FBI moved away from terrorism this week to bust a trafficking ring, but Dick Wolf’s new procedural remained as watchable as ever.
In “Prey”, the third episode of CBS’s FBI, a young girl was raped, stabbed and buried alive. We didn’t see any of this, thankfully, but for Special Agents Maggie Bell (Missy Peregrym) and Omar Adom ‘OA’ Zidan (Zeeko Zaki), the girl represents a new case. Beside the shallow grave that had been dug for her, 18 others lay in neat little rows, occupied by similar girls, all with the same strip of flesh removed from their bodies.
The girls are all sex workers. The flap of skin was removed from each of them to hide a tell-tale brand; they’re all property of a sex-trafficking ring. FBI moved away from terrorism in “Prey”, and it was a welcome change that led to a fine episode and some great sequences, in particular a late interrogation conducted by Maggie that was excellent television.
Maggie is clearly beloved by FBI; the camera scarcely leaves her face. You can tell why – she’s gorgeous, and a sturdy screen presence. But the focus on her character can sometimes lead OA to feel sidelined. “Prey” gave him one or two heroic moments, but his background in undercover work – and his obvious comfort in dangerous situations – feels more interesting than whatever Maggie has going on. Then again, with Maggie’s obvious talents and skills, perhaps her background is much more interesting than we’re being led to believe.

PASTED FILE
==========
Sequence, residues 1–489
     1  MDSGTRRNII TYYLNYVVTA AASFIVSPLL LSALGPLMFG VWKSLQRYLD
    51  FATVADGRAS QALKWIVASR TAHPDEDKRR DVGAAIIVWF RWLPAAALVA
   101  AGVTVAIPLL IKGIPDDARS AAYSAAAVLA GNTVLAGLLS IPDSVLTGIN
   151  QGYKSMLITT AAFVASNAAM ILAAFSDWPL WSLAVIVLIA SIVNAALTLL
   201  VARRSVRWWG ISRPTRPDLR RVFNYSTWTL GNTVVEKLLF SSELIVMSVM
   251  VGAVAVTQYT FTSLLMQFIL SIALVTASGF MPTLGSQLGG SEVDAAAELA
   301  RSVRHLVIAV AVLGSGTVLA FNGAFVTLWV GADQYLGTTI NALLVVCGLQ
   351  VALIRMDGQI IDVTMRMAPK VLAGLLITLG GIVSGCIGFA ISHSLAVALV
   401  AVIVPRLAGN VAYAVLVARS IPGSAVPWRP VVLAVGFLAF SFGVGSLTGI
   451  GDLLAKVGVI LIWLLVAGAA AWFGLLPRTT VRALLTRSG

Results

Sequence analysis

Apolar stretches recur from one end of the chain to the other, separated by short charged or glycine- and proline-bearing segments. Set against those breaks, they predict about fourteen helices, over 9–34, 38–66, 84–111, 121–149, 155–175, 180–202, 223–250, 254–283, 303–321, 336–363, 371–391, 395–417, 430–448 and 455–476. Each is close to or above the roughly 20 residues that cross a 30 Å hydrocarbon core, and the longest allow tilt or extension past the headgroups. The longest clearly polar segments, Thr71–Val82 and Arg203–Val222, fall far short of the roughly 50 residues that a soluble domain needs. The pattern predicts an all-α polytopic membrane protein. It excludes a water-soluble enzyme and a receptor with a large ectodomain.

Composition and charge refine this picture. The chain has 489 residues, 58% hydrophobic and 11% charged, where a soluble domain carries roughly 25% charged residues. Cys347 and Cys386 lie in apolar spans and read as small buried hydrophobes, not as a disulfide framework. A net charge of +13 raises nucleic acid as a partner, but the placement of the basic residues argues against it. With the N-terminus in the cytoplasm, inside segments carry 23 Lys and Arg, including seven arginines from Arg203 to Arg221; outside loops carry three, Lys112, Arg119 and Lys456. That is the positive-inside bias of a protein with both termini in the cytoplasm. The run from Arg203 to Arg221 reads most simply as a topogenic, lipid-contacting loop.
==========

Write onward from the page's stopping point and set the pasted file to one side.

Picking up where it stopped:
An obvious issue with monster-of-the-week episodic structuring is that those skills – and especially those of Analyst Kristen Chazal (Ebonee Noel) – feel all-too-convenient, and the plot zips from one beat to the next at a pace that can sometimes feel contrived or uninvolving. Luckily FBI seems to know this about itself, and “Prey” made time for some great moments of suspense or comic relief to keep things interesting. Assistant Special Agent in Charge Jubal Valentine (Jeremy Sisto) being sent undercover as a john by Dana (Sela Ward) was a particular highlight.
It isn’t groundbreaking television by any means, but FBI is so slickly constructed that it’s difficult to fault it. The relationship at the show’s core is excellent – if, thus far, a little one-sided and underdeveloped – and the tone within the New York Field Office is an addictive one. After I was worried that the show would linger a little too much on terrorism as a plot point, “Prey” showed that there’s more to the FBI than that, and I hope Dick Wolf’s series continues to expand further.